Linen Towel with Indigo Woven Border
Italian noblewomen presented soft, absorbent, linen towels with indigo woven borders to birthing mothers during the 14th century and later. The cultural context of the towels is illustrated in Italian paintings of the period depicting childbirth customs such as presentation and use of the towels. For example, this fresco by Paolo di Giovanni Fei, Birth of the Virgin Mary (1380) displays several uses for the towels. Women used these soft, fringed cloths as head coverings, tablecloths, and for wrapping household items. The towels were originally imported from Egypt, a center for linen and indigo dye production and weaving. Weavers finished the white body of the towels with fringe and woven border designs featuring Arabic inscriptions called tiraz. Tiraz bands alternated with geometric, plant, or animal designs. Like other luxury textiles from the East, imported Egyptian towels were copied by Italian weavers, eventually becoming a specialty of Perugia and other weaving centers. In place of the tiraz, pseudo-Arabic and then Latin lettering with Christian motifs appeared in the European border designs.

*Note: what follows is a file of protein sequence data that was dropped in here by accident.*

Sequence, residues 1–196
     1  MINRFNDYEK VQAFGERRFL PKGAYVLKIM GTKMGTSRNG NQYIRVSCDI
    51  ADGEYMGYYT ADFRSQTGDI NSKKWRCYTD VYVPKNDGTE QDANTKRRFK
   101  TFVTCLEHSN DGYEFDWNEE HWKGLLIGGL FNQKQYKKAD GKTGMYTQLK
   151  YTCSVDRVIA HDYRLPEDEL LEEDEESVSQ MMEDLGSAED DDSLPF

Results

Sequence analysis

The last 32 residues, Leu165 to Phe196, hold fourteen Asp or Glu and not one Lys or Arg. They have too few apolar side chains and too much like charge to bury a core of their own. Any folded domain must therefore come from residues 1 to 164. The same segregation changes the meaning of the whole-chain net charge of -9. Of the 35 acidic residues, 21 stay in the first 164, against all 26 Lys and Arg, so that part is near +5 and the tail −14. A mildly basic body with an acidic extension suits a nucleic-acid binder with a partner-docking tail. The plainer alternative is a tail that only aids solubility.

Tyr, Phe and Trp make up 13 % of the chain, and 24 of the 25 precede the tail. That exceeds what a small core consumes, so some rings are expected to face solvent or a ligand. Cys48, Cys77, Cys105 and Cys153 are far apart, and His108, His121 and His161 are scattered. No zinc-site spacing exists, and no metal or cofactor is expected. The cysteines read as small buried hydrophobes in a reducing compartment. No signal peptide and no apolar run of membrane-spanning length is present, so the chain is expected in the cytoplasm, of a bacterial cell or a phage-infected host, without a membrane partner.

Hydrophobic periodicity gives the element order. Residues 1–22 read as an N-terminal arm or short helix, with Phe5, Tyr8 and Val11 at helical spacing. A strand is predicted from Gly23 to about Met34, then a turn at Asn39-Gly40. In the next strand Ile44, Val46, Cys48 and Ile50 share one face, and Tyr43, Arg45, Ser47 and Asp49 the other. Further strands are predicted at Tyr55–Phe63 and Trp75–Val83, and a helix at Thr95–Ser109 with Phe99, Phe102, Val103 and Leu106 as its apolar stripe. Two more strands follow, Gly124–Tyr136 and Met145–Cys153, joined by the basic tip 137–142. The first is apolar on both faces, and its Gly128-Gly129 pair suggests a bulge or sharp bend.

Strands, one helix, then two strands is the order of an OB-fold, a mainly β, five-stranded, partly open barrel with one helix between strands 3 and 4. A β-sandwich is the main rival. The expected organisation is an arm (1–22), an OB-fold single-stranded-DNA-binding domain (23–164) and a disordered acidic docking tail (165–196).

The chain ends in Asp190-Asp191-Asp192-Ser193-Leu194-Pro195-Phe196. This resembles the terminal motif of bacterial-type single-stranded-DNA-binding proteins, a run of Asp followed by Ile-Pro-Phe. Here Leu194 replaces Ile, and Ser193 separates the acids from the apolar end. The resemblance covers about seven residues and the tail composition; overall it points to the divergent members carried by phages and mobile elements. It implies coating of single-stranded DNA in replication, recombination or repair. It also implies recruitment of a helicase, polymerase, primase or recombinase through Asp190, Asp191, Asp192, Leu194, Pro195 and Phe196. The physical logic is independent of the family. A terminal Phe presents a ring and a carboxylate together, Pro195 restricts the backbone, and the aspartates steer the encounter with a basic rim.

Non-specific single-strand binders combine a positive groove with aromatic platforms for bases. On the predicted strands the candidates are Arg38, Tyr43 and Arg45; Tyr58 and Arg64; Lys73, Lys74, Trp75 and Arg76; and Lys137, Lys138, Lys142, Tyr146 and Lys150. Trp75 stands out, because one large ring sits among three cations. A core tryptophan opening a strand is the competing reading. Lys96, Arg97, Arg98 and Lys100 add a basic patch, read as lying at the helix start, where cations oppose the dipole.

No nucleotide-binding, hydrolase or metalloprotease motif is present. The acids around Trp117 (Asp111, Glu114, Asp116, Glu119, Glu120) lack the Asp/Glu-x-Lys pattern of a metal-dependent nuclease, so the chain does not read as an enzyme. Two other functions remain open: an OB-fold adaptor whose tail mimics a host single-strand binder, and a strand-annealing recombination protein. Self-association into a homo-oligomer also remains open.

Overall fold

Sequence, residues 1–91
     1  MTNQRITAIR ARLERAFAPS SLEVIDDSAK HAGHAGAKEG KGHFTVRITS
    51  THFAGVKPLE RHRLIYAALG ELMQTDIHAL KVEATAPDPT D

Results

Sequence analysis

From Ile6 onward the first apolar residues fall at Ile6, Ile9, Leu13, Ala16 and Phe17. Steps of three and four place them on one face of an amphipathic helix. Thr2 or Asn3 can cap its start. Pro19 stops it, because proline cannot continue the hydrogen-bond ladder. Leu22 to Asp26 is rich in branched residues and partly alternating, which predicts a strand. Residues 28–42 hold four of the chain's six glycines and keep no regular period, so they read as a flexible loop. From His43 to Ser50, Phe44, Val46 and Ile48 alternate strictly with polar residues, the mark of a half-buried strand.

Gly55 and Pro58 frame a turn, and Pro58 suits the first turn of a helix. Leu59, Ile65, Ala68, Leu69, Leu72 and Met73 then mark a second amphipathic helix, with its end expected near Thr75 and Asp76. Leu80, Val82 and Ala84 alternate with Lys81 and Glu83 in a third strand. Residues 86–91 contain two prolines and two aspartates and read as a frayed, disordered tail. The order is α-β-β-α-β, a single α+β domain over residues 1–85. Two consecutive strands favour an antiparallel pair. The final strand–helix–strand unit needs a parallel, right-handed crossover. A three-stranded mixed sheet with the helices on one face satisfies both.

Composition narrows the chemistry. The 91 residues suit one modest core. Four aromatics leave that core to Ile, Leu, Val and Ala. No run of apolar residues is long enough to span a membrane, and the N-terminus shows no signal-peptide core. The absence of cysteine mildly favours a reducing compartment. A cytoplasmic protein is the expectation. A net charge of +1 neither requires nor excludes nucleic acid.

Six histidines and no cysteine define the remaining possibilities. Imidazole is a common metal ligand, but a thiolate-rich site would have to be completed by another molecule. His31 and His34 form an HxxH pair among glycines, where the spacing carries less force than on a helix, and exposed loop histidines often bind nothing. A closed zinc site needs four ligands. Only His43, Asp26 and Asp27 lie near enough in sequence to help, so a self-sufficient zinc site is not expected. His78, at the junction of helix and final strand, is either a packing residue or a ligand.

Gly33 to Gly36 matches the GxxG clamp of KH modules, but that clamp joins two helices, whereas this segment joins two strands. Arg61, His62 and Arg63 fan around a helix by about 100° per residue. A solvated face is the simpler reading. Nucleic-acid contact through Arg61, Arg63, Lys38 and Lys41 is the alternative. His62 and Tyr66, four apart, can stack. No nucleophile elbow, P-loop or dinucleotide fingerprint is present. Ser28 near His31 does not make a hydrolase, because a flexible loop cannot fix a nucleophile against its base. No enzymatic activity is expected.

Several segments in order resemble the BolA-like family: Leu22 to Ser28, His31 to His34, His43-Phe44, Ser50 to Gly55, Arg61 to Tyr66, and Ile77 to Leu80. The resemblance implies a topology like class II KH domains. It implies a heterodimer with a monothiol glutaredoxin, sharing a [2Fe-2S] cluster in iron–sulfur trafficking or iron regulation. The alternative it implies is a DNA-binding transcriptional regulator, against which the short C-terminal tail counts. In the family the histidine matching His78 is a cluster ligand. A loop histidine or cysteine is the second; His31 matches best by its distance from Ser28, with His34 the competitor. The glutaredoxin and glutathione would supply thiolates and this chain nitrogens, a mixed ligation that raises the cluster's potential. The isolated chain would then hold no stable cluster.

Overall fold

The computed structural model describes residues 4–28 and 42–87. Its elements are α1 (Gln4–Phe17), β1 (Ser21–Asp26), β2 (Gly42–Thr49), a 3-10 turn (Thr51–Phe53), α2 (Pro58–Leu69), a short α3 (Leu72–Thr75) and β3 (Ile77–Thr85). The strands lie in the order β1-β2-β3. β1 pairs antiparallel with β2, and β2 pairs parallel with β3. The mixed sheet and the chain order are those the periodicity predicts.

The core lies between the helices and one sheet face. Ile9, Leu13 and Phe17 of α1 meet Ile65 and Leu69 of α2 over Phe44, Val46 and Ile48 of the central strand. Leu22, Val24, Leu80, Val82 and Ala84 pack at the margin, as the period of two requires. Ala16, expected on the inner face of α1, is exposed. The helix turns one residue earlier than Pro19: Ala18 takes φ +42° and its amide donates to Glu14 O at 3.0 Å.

Paolo di Giovanni Fei (Italian, act. 1372-1411), The Birth of the Virgin with Saints, 1391, Tempera on wood: 259 x 204 cm Siena: Pinacoteca Nazionale, image at the University of Wisconsin, Madison, (accessed June 1, 2009); Towel, Italy, Perugia (?), late 15th-early 16th Century, Accession Number:1917.281 Cleveland Museum of Art, Cleveland, Ohio (accessed June 1, 2009).